Should I remove my breast tissue and are there any future complications by doing this?

Should I remove my breast tissue and are there any future complications by doing this?

I am going for my second breast lift and replacement of my current breast implants. My current situation is that my own breast tissue has separated from my implants resulting in my breasts drooping again. To prevent this from happening in the future I have asked my surgeon to remove my own breast tissue while doing the uplift and implant replacement. I would also like to be slightly smaller and one side is bigger than the other. He is confident he can do all three procedures together, however, I am unsure if I am making the right decision by getting my own breast tissue removed. Will there be any future implications by doing this? Thank you

I would probably recommend against removing breast tissue beyond what it would take to reduce the larger side to make it match the smaller side for symmetry. Natural breast tissue will age and it will sag with time - this is a natural process, however, removing the breast tissue to eliminate this natural process in absence of disease has potential significant problems. Removing breast tissue can increase the risk of loss of nipple sensation as well as possibly compromise blood flow through the breasts leading to tissue damage. Also, very importantly, breast tissue offers a natural padding over the implants which camouflage the implants giving a more natural appearance. The less coverage a woman has over breast implants the more like implants they appear (and feel) and no matter how good an implant is, it is still not a breast. An implant is a device used to enhance the appearance of the existing breast. It is not designed (except in cases of mastectomy for breast disease) intended to replace the natural breast.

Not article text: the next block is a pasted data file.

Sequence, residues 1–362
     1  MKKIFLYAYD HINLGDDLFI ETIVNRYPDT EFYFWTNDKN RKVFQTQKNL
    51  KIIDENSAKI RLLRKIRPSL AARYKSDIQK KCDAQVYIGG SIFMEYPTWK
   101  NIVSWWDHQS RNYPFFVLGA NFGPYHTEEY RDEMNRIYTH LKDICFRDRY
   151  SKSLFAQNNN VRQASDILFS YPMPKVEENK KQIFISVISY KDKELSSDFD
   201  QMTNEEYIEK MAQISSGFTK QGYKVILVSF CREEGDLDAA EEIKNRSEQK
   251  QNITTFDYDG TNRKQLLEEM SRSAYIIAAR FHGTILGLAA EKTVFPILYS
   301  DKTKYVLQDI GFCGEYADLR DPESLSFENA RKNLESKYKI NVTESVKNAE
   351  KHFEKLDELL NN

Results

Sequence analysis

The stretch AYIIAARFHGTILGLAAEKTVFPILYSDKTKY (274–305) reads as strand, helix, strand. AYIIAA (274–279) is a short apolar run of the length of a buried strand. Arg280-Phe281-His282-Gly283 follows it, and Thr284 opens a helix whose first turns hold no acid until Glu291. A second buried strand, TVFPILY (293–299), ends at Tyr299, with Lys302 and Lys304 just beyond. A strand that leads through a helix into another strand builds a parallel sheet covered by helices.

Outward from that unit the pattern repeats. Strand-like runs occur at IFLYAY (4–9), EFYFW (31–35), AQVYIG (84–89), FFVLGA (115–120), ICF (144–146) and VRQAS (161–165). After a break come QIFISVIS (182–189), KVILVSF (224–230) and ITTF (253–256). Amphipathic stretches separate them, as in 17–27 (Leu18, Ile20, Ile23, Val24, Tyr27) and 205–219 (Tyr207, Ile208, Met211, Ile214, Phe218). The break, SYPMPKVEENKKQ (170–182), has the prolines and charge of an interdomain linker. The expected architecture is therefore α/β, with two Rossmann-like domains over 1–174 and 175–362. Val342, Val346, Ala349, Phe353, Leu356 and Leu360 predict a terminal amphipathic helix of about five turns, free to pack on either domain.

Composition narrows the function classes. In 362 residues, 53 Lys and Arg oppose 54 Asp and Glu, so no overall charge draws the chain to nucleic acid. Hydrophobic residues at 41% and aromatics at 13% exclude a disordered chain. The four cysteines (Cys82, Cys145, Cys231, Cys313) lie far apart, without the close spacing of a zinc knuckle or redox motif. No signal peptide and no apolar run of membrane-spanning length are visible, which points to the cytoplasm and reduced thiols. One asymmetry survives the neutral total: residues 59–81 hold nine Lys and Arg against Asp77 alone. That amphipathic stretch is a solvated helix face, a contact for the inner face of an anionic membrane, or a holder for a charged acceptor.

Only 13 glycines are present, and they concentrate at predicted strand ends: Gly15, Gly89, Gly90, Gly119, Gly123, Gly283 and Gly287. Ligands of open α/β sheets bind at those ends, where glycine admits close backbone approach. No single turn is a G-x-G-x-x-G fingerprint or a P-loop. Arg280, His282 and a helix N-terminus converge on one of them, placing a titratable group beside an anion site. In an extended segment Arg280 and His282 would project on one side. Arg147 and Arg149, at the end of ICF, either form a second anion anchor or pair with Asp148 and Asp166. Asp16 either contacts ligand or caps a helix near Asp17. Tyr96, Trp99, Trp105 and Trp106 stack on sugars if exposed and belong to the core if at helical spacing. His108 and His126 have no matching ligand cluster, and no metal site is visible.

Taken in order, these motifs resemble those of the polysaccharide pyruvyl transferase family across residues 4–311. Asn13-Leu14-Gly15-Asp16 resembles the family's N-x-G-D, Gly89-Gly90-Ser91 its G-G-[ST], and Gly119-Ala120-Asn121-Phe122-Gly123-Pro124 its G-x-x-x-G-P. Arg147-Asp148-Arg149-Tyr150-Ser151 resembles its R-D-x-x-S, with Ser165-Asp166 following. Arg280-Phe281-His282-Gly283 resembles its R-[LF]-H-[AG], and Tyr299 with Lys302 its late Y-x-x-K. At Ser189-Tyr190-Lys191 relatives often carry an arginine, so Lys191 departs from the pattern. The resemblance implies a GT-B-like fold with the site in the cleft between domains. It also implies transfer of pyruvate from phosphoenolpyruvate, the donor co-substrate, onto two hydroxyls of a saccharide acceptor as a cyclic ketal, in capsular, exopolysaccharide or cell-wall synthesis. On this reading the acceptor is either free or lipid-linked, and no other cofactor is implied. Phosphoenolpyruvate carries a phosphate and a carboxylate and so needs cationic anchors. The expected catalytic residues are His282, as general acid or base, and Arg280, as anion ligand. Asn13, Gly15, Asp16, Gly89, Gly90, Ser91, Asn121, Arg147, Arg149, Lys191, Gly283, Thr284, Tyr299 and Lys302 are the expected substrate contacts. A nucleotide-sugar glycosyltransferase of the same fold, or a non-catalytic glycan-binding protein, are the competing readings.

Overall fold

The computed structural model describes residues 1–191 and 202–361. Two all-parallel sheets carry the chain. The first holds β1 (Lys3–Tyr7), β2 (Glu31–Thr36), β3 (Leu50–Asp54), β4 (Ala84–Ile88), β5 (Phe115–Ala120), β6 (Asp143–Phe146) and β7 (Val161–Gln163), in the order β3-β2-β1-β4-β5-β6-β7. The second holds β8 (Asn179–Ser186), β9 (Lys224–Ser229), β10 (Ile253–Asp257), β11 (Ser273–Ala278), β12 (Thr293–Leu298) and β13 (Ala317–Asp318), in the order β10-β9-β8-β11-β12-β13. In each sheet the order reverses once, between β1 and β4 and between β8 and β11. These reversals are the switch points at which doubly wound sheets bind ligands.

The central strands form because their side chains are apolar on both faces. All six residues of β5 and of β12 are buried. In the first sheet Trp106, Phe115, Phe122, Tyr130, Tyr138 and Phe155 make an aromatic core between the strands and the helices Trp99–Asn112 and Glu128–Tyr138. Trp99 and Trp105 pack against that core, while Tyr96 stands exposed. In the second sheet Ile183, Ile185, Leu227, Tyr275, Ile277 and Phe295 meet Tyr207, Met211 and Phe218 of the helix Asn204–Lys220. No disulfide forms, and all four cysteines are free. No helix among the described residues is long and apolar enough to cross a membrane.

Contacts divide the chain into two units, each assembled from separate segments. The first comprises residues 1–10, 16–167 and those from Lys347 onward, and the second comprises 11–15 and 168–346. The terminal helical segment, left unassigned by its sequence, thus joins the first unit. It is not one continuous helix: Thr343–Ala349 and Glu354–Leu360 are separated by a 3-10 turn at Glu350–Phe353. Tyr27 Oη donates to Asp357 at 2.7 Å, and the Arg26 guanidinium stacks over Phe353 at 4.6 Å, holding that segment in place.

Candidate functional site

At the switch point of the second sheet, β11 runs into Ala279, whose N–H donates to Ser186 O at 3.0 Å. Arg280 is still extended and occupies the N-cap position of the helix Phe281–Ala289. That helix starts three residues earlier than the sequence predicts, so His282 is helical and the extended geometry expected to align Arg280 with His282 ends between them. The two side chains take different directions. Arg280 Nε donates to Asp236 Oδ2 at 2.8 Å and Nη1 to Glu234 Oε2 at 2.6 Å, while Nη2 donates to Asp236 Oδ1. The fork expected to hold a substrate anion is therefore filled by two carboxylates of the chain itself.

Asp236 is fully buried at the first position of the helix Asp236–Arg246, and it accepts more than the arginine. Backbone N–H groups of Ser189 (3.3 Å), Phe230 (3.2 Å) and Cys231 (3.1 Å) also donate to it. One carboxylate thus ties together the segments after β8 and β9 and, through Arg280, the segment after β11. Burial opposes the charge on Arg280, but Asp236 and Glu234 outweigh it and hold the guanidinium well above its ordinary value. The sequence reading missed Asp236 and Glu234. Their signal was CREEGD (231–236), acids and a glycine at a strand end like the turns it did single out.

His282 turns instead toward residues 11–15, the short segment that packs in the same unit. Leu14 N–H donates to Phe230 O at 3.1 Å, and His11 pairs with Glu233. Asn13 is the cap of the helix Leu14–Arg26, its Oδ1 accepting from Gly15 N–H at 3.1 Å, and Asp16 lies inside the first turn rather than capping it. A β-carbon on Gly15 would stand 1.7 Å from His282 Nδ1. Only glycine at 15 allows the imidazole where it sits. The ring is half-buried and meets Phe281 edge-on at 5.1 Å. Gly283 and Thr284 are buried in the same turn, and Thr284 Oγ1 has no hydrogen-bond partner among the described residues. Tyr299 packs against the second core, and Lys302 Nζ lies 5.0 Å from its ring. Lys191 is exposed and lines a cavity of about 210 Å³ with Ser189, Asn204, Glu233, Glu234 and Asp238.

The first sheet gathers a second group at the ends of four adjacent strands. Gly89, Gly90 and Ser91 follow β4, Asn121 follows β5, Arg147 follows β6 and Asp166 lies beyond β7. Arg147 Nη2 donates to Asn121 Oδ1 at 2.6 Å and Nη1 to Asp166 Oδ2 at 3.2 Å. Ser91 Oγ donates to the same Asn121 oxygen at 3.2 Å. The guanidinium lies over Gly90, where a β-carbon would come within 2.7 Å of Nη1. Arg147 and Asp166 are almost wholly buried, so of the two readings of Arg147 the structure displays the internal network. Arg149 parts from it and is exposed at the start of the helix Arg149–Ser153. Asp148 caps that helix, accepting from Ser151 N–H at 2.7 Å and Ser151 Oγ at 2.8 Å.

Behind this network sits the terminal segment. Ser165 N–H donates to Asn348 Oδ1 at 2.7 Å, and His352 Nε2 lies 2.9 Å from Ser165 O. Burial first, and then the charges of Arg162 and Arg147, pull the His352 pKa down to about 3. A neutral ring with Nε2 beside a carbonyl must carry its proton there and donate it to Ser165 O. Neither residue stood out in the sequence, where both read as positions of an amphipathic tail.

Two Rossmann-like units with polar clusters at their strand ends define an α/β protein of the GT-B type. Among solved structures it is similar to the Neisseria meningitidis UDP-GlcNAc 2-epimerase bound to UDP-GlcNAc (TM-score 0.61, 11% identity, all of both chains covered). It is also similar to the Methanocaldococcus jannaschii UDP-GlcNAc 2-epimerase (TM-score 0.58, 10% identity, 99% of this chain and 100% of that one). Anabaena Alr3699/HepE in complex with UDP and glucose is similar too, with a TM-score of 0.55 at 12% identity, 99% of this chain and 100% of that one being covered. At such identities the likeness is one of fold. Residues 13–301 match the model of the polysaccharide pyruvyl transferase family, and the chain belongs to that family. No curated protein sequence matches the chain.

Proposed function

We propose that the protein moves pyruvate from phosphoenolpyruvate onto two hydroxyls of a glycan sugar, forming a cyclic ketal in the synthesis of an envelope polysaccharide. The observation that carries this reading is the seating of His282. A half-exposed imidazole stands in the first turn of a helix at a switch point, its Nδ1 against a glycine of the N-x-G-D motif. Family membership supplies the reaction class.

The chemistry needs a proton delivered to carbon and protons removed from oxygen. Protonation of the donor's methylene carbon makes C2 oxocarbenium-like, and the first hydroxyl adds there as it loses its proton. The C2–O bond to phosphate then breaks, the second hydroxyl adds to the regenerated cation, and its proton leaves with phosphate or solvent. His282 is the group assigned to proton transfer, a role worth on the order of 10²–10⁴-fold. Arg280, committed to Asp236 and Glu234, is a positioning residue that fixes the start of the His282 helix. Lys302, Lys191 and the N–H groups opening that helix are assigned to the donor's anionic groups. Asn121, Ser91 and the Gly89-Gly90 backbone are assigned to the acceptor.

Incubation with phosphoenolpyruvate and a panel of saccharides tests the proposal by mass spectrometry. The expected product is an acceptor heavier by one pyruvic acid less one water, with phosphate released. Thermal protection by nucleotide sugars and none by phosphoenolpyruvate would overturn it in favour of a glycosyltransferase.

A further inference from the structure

The situation that you find yourself in is not rare. There are other surgical alternatives that are open to you in terms of a breast lift, possibly with the use of an internal mesh to help support the breast tissue, that will achieve the results that you desire in a long lasting fashion. Consult a plastic surgeon certified by the American Board of Plastic Surgery who has experience with breast revision surgery and get some additional thoughts about options for you. All members of ASAPS will be board certified.

Best luck and best wishes!

Alexander G. Nein MS, MD
Alexander G. Nein MS, MD
2400 Patterson StNashvilleTN37203US

Alexander G. Nein MS, MD

2400 Patterson Street, Suite 202, Nashville,
TN, 37203, US

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When a woman has breast implants and issues with recurrent sagging or tissue stretch, removing your native tissue may not be in your best interest. In order to maintain implants you need a certain amount of breast tissue coverage and support. Women with breast implants have re-operation throughout their life to remove and replace implants. Implants will tend to thin surrounding tissues over time. There may be a point in a woman's life where her implants need to be removed. It is helpful in those situations to be able to use residual breast tissue to restore an normally contoured breast mound. I would recommend a few consultations with Board Certified Plastic Surgeons.

Hayley A. Brown MD
Hayley A. Brown MD
10001 S Eastern AveHendersonNV89052US

Hayley A. Brown MD

10001 S.Eastern Ave., Suite 406, Henderson,
NV, 89052, US

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Thanks for your question. You have a very common scenario where despite having had an augmentation and lift the result has changed. This is a function of the elasticity and age of the skin and breast tissue. It is negatively impacted by large implants whose weight causes more stretch. Removing your breast tissue is not the solution in my opinion. Once it is removed it cannot be replaced. The native shape of the breast and the "insulation" it provides under the skin and over the implant is essential to obtain a great result. Mastectomy patients from breast cancer treatments struggle with this very problem. The use of acellular dermal matrices is often an effective way to help maintain the position of the implant. If you are uncomfortable with your options perhaps seeking a 2nd opinion might help. Best of Luck!

M. Scott Haydon MD
M. Scott Haydon MD
4701 Bee Cave RdWest Lake HillsTX78746US

M. Scott Haydon MD

4701 Bee Cave Road, Suite 202, Austin, TX,
78746, US

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